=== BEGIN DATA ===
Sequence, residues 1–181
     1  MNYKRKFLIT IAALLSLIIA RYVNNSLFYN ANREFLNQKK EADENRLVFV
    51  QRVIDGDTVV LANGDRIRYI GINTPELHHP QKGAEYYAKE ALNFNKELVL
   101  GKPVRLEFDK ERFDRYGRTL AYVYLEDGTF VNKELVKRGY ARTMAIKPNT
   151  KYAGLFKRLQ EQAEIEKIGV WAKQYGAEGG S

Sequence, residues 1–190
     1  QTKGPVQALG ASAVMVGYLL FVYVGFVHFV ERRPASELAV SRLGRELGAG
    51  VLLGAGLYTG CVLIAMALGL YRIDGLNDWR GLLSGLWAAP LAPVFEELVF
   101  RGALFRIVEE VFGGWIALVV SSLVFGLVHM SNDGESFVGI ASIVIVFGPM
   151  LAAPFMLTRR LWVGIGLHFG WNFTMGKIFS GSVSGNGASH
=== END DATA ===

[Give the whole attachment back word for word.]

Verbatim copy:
Sequence, residues 1–181
     1  MNYKRKFLIT IAALLSLIIA RYVNNSLFYN ANREFLNQKK EADENRLVFV
    51  QRVIDGDTVV LANGDRIRYI GINTPELHHP QKGAEYYAKE ALNFNKELVL
   101  GKPVRLEFDK ERFDRYGRTL AYVYLEDGTF VNKELVKRGY ARTMAIKPNT
   151  KYAGLFKRLQ EQAEIEKIGV WAKQYGAEGG S

Sequence, residues 1–190
     1  QTKGPVQALG ASAVMVGYLL FVYVGFVHFV ERRPASELAV SRLGRELGAG
    51  VLLGAGLYTG CVLIAMALGL YRIDGLNDWR GLLSGLWAAP LAPVFEELVF
   101  RGALFRIVEE VFGGWIALVV SSLVFGLVHM SNDGESFVGI ASIVIVFGPM
   151  LAAPFMLTRR LWVGIGLHFG WNFTMGKIFS GSVSGNGASH